You could easily miss this small cottage among the grand residences of Pennington Terrace. It survives from the earliest days of the colony. Similar to the nearby Religious Society of Friends’ Meeting House, it is also a prefabricated timber house sent from England.
Henry Watson brought his family to South Australia in March 1839. They also brought with them a prefabricated house from Henry Manning’s London company. Henry’s brother-in-law John Barton Hack had arrived in the colony two years earlier, when building homes was difficult. No doubt Hack suggested to his brother-in-law that it would be wise to bring his house with him.
However, the Watsons were not thrilled about by the idea of living in the prefabricated house. They thought about selling it instead. By June 1839 Henry noted that the house was being built and he intended to advertise it for sale. Unfortunately, a poor economy made it difficult to get a good price. The family had to stay in the house for most of 1840. During that year they built a brick façade and added a brick-paved verandah.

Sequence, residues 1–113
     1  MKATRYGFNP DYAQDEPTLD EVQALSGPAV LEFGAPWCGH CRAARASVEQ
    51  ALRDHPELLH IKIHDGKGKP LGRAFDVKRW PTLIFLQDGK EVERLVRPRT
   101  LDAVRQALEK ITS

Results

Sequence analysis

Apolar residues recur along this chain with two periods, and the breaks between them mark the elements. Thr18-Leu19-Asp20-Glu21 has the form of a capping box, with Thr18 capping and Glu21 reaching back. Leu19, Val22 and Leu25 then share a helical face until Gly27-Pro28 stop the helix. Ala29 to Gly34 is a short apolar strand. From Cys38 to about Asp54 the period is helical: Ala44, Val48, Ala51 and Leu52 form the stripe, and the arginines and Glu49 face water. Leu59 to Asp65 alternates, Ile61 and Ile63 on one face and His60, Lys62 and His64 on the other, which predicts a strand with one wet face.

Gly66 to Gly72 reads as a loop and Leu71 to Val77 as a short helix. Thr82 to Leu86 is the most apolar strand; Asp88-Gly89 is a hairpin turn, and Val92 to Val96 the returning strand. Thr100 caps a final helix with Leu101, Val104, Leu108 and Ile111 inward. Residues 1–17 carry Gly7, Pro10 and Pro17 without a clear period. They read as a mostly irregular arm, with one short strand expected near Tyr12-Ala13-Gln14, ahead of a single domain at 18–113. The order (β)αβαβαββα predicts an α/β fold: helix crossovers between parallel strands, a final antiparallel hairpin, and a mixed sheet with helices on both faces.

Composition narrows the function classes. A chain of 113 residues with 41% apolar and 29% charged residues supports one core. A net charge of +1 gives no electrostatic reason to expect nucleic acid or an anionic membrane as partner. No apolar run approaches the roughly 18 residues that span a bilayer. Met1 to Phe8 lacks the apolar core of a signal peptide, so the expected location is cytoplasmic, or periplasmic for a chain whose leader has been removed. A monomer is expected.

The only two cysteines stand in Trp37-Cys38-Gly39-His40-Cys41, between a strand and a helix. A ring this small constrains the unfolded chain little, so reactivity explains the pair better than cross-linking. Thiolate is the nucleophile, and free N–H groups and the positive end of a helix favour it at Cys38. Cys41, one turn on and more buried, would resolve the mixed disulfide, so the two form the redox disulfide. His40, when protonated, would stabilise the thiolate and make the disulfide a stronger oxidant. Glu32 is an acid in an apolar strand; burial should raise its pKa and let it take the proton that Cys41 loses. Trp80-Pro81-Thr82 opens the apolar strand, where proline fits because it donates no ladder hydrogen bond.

The house was eventually sold. It changed owners several times before becoming part of St Mark’s College. The building has since been renovated. Only the two front rooms show any signs of the original prefabricated panelling.With so few of Manning’s houses around today, it is rare to find two of them side by side. Walkley Cottage is not only an important South Australian architectural treasure, it has national and international significance.